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Financial summit confronts debt crisis

The summit focused on student questions about party cooperation and Rhode Island’s economy

Common Sense Action held Rhode Island’s first statewide convention about the national debt and potential solutions in Alumnae Hall Saturday. President Christina Paxson, economist Steven Rattner ’74 P’10 P’13 P’15, Providence Chamber of Commerce President Laurie White, Mayor of Cranston Allan Fung, former member of the U.S. House of Representatives Robert Weygand and local journalist Ted Nesi were all in attendance.

The event centered on two questions, framed by Andrew Kaplan ’15 during his introductory remarks: “How do both parties work together?” and “What lessons can we learn from Rhode Island’s fiscal struggle?” The goals of the student group, which was founded by Kaplan, a Democrat, Sam Gilman ’15, an Independent, and Heath Mayo ’13, a Republican, last semester, are to increase student involvement in politics and “create leaders who can engage in their communities,” Kaplan said. “It’s not about what we think, it’s about what the community thinks,” he said.

Paxson spoke next, introducing the topics to be addressed and identifying her hopes for the summit.

“There are many ways to balance the budget,” Paxson said. “The trick isn’t to balance it — it’s to do it right.” She said she hoped those gathered at the summit would think about “creating policy for growth.”

Students from Brown, the Rhode Island School of Design, University of Rhode Island and Bryant University attended, along with community members and professors from a range of departments, totaling about 120 individuals.

Rattner, the keynote speaker, provided an explanation of how the nation has accumulated debt.

“How we think about debt changed in the Reagan era,” he said, adding that debt was seen as “an anathema” before Reagan held office. More recently, it has been considered a necessary evil, he said.

Tax cuts to the top 1 percent of the income bracket, especially the top 0.1 percent, have had the most significant impact on the size of the debt, Rattner said. He added that military and health care spending also plays a large role in debt accumulation.

The Bowles-Simpson plan — a bipartisan proposal that would increase tax revenues and cut spending through entitlement reform created by President Obama’s National Commission on Fiscal Responsibility and Reform — would have brought the debt level down to 65 percent, Rattner said, cutting $2.4 billion out of the national debt. But the plan has not been put into action, and Rattner said he believes it will not be passed in its current form.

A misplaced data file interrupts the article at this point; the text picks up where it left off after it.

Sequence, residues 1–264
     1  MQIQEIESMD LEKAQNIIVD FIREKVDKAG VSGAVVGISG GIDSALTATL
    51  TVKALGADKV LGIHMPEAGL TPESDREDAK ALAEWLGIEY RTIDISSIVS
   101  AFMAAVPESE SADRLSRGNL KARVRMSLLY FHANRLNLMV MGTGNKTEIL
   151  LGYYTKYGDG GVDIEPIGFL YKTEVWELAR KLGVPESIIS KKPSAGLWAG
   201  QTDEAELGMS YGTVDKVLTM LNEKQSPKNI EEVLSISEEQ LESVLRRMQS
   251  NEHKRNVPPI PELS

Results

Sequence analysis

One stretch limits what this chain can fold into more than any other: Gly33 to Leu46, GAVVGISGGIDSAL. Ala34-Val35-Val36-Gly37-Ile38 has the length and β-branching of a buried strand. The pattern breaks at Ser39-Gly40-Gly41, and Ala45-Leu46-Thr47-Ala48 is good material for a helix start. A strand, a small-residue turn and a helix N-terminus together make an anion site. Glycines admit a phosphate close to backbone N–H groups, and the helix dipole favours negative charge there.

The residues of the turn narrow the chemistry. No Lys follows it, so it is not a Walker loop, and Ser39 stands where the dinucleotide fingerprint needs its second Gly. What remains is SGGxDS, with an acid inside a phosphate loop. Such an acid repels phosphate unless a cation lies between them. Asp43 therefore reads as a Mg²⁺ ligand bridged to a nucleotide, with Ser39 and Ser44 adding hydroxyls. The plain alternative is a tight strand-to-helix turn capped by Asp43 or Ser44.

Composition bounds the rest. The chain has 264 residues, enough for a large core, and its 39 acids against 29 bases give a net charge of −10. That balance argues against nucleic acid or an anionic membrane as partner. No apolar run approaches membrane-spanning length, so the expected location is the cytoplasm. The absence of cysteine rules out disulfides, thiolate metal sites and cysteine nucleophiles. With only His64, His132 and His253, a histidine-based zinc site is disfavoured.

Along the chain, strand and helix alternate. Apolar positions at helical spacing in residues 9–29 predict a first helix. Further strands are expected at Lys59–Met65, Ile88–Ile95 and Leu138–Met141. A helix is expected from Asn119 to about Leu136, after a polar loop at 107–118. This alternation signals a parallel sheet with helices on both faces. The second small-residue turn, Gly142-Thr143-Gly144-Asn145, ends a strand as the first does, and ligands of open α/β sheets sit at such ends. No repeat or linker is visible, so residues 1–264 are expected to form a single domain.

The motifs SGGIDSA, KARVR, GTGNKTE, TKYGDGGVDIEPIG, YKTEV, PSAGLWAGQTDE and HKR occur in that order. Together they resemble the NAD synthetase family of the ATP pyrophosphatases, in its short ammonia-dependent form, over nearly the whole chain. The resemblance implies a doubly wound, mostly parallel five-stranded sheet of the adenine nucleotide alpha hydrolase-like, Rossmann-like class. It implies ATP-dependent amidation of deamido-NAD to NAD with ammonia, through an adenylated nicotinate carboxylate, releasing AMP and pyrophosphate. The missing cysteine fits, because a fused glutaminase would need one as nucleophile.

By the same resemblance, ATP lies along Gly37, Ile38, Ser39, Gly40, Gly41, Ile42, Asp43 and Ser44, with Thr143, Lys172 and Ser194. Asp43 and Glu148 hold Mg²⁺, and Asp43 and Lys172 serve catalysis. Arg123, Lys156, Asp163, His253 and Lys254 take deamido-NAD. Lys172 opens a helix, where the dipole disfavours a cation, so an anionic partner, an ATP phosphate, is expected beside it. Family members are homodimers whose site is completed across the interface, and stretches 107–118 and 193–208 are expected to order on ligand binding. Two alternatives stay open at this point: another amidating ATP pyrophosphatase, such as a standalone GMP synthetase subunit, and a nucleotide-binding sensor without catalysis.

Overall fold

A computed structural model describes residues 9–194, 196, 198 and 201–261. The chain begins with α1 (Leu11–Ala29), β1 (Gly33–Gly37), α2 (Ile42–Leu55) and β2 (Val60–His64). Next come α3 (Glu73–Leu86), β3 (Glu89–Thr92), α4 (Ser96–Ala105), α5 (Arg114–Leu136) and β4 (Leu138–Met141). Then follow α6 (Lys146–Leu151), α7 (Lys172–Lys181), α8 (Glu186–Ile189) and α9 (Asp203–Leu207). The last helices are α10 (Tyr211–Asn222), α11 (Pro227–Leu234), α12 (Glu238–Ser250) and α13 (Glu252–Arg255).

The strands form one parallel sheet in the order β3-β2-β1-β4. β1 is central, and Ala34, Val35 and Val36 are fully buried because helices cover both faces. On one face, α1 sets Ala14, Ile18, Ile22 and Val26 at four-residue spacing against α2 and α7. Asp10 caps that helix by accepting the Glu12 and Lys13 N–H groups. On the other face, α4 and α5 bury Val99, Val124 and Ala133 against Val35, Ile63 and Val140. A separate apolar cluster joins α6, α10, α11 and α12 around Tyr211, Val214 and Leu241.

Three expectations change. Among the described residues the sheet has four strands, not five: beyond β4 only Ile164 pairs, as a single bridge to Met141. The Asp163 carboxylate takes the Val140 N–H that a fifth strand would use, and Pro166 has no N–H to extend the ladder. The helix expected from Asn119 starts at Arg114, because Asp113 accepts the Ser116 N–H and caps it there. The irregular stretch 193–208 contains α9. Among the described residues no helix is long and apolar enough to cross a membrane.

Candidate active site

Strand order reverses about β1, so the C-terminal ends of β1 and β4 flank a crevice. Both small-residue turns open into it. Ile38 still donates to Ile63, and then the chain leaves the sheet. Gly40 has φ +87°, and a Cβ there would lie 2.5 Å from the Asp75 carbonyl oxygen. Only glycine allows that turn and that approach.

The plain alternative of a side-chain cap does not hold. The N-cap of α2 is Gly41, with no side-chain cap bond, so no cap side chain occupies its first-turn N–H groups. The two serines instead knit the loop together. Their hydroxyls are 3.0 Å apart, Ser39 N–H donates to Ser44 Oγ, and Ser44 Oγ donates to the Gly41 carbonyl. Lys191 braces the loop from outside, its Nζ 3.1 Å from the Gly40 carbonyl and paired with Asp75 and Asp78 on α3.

“The only sensible way forward is to both increase taxes and cut spending,” Rattner said, chiding Republican hesitation to change current tax rates. His proposed solution includes rescinding former President George W. Bush’s tax cuts for the wealthy, reforming tax codes to remove loopholes and cutting defense spending.

Rattner also emphasized that Medicare and Medicaid service must be reformed. “Health care rationing will and should occur,” he said. “It’s the big enchilada.”

Nesi moderated a panel featuring White, Fung and Weygand. They discussed a number of issues, ranging from funding public education and research to involving students in political action.

“It’s been tough,” Fung said, referring to issues he’s recently dealt with, which include a flood, a hurricane and millions of dollars of budget cuts.

Weygand said dealing with the budget deficit is an issue of proactive versus reactive policy making. “The government is good at responding,” he said, but it does not use enough foresight when creating new policies.

Polarization came up throughout the panel as an obstacle that must be overcome in order to solve the debt crisis.

Sam Bell GS, an attendee at the summit, said he does not agree with Rattner’s ideas about solutions to the crisis. In order to fix the debt crisis, he said, the private sector debt must be considered. “We need to take action against the whole debt” and not only focus on government spending, Bell said.

Regardless of methodology, the summit’s speakers seemed to agree that “it’s time to organize,” Gilman said. “Now that we have that charge, we need to take it forward.”


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